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Telemetry Unit: A Comprehensive Guide

Alexandra Sani, RN, BSN
January 19, 2023
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On a telemetry unit, patient’s undergo continuous electronic monitoring. Working on this type of unit offers a balance between connecting with your patients and assessing critical data transmitted via technology. To me, this balance was a perk of being a telemetry nurse- I loved getting to talk with my patients as well as providing technical expertise in this blended specialty. Read on to learn more about telemetry unit specifics, diagnoses on a telemetry unit, patient population and the day to day shift of a telemetry nurse!

What is a Telemetry Unit in a hospital?

A telemetry unit is a floor in a hospital where patients undergo continuous cardiac monitoring. Electronic signals are transmitted from the electrodes and leads on a patient to a central monitor where they are stored and interpreted. Telemetry is used as an observation tool to monitor cardiac rhythm and rate, respiratory rate and oxygen saturation. This technology allows patients to be mobile while being monitored, rather than being restricted by a bedside cardiac monitor.

What types of cases are covered in a Telemetry Unit?

A telemetry nurse monitors patients for cardiac related events. Common issues seen on a telemetry unit include arrhythmias, chest pain and myocardial ischemia. Patients who have undergone cardiac surgery are monitored with telemetry as well. They may also monitor patients who have experienced unexplained fainting or other neurological symptoms in order to rule out cardiac arrhythmias. A telemetry nurse is specialized in cardiac care but may also care for neurological patients or patients who have comorbidities in addition to their need to be monitored via telemetry.

What types of patients are cared for in a Telemetry Unit?

The patients on a Telemetry unit typically have a cardiac condition such as heart failure, heart disease and complications of cardiac issues. Those monitored post cardiac procedure may have had a stent inserted, a pacemaker placed, or coronary bypass surgery. It is common for patients who have hypertension and those who have had a stroke to be on telemetry as well. The patient ratio on a telemetry unit is typically 1:4, but this can vary based on the state that you are working in. Telemetry patients are often on a specified telemetry unit but can also be on a progressive care unit in the hospital and are less critical than those in an intensive care unit. They may have been downgraded from an intensive care unit once stabilized, but still require close monitoring.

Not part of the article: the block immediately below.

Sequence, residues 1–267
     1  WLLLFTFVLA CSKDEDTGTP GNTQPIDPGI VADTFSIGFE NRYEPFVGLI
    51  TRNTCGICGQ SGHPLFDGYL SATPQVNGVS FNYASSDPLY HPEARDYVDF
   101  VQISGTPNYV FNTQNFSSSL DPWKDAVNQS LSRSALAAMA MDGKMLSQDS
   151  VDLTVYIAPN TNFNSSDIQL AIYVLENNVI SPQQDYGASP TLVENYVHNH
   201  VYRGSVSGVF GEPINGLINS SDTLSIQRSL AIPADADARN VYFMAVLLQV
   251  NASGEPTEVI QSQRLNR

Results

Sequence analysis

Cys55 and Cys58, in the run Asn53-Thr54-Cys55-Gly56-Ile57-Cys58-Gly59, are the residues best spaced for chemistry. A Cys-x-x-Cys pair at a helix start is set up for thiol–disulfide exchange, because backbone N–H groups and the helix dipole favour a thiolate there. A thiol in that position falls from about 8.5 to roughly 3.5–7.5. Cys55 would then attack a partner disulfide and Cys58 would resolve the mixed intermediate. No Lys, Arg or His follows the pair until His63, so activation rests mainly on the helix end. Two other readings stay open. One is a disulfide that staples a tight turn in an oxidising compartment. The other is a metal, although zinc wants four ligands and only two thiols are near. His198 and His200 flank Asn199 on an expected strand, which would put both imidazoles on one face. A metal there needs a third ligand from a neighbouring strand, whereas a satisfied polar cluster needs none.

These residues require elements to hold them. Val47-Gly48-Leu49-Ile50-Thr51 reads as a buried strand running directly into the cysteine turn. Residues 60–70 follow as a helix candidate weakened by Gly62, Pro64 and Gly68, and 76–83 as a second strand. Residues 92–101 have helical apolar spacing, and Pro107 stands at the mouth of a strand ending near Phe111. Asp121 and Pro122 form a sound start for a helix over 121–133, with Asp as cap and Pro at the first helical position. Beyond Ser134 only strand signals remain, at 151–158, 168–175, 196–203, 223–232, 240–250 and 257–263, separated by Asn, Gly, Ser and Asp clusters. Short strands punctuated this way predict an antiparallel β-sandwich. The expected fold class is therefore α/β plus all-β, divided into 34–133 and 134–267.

What does a Telemetry Unit nurse do?

A telemetry nurse rises to the challenge of an emergency and simultaneously remains calm and flexible. Specialized training is required to use the sophisticated equipment and remote monitoring. A telemetry nurse’s duties during their shift includes analyzing and interpreting cardiac strips in addition to their physical assessments and bedside care. The cardiac strip is measured by the nurse per the unit policy, which is usually at least once per shift. Quick rhythm interpretation is critical to working on a telemetry unit. The nurses are able to immediately respond to emergencies as a telemetry monitor screen showing all of the patients’ cardiac rhythms is often located at the nurses station. This ensures multiple medical personnel can monitor the strips in real time and be ready to react. Frequent collaboration with the interdisciplinary team is important as the telemetry nurse may be first to discover changes and deteriorating conditions. Cardiac medications are administered on this type of floor and may include IV medications with titration. Education to patients and families on this unit is vital; often modifiable risk factors need addressed and education provided on lifestyle changes to promote health upon discharge and at home. Check out our Specialty Guide on Telemetry Nursing to learn more.  

Are you looking for a telemetry travel position? Create a Trusted profile and be sure to set your match filters to telemetry to see what positions are available! To help get you submitted for an open position right away, remember to add any telemetry work experience to your profile and upload your certifications, such as ACLS! 

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